• Microsoft Passport is a new two factor authentication designed to help consumers and businesses securely log-in to applications, enterprise content and online experiences without a password.
  • Windows Hello which will provide that Microsoft Passport can be unlocked using biometric sensors on devices that support that (most notably iris and face unlock feature in addition to fingerprint).
  • Azure Key Vault which helps customers safeguard and control keys and secrets using FIPS 140-2 Level 2 certified Hardware Security Modules in the cloud with ease and at cloud scale and provides enhanced data protection and compliance and control.
  • New Virtual appliances in Azure where we work with industry leaders to enable a variety of appliances so that customers have greater flexibility in building applications and enabling among others network security appliances in Azure.
  • Enterprise Mobility where we have the Enterprise Mobility Suite (EMS) bringing customers enterprise grade cloud identity and access management, mobile device management and mobile app management and data protection (Reto’s comment: not new but worthy to call out having grown our install base by 6x just in the last year)

More information can be found on Scott Charney’s blog on “Enabling greater transparency and control” that also has further links to more in-detail information on the individual technologies mentioned above.

OneNote – now also available for Mac and more

Working at Microsoft made me completely re-think how I work. On one hand I enjoy the mobility and the capabilities to work wherever and whenever. While this also has the danger that I don’t sufficiently separate work and private life it has the upside that my productivity has greatly increased. One of the central elements for such a mobile workstyle are the appropriate tools as carrying around paper is simply not practical any more. My central worktool for taking notes and sharing them is OneNote. I am doing more and more with it and don’t just use it for collecting my thoughts but extend it to my colleagues for projects.  When I share a OneNote page everybody can work on it online and offline and it synchronizes without problems once connection is available. I have it available on all devices being it my laptop, tablet or phone.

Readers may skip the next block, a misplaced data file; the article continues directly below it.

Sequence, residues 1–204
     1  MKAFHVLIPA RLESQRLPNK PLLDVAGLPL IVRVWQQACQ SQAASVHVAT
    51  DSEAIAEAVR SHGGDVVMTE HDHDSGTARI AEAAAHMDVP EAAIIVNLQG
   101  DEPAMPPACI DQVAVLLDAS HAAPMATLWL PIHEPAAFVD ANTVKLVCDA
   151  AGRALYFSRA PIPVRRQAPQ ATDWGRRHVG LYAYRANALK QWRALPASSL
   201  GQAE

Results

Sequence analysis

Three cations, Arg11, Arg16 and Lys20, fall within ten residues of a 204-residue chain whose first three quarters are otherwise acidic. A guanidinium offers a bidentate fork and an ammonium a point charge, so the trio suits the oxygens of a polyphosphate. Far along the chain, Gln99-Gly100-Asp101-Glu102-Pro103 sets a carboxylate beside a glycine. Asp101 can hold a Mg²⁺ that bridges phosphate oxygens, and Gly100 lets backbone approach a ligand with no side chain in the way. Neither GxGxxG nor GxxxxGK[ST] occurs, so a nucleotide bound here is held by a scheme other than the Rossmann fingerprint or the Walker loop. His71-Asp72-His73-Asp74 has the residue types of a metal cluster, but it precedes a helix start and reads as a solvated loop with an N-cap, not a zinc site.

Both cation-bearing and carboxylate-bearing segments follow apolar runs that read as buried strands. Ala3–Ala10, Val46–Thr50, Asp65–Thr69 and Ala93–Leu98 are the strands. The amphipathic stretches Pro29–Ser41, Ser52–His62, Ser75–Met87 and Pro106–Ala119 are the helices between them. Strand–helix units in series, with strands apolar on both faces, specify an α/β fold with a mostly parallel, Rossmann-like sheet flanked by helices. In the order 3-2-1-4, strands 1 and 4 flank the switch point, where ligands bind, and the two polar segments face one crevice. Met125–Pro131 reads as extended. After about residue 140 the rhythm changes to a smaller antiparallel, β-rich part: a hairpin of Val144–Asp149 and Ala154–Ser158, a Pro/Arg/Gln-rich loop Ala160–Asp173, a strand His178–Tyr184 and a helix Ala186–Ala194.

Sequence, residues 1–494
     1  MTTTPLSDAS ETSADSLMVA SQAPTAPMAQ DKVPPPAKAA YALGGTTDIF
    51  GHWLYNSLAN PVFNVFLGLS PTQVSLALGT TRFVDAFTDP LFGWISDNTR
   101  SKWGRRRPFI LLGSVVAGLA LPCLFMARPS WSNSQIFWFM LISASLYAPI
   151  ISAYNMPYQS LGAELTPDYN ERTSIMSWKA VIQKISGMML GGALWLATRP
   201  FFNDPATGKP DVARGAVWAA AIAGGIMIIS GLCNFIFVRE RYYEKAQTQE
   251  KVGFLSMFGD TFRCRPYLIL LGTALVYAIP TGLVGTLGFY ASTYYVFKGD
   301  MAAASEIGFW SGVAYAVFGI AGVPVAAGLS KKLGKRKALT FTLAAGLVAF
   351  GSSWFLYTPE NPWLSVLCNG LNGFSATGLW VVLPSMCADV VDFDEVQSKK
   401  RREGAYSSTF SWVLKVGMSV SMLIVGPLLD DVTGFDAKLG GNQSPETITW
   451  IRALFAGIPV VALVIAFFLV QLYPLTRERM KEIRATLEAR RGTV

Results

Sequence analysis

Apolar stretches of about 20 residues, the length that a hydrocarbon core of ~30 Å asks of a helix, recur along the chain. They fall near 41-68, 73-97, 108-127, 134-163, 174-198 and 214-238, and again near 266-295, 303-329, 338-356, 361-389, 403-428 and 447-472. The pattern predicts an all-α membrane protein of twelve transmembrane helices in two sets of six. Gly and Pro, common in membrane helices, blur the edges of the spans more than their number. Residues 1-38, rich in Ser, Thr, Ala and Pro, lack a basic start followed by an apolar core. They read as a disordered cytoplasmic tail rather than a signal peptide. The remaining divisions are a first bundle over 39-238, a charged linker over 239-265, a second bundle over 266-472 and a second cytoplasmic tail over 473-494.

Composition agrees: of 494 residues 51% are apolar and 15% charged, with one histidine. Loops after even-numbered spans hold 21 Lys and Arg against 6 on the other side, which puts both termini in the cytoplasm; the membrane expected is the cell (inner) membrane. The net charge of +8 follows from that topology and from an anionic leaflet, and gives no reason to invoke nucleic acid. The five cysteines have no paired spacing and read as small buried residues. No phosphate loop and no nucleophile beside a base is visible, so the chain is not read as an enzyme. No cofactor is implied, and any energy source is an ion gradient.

While I write rarely about Apple products I wanted to share that OneNote is now also available for Mac and it is even free. With this OneNote is available on all the platforms being it PC, Mac, Windows tablets, Windows Phone, iPad, iPhone, Android and the web and they are always in sync. I recommend to have a look at it and maybe that gives you the opportunity to re-think how you work. Check out the Video below for some ideas. For more information see the original blogpost.

 

Posting personal Information online? Beware if you overshare!

A new Microsoft study shows that before posting personal information online, more than half of U.S. teens and parents don’t truly consider the potential consequences of their actions.  Teens recognize the importance of limiting what they share online, yet they still reveal more personal data than their parents.  Six in 10 teens also say they have so-called “friends” in their social networks whom they’ve never met in person.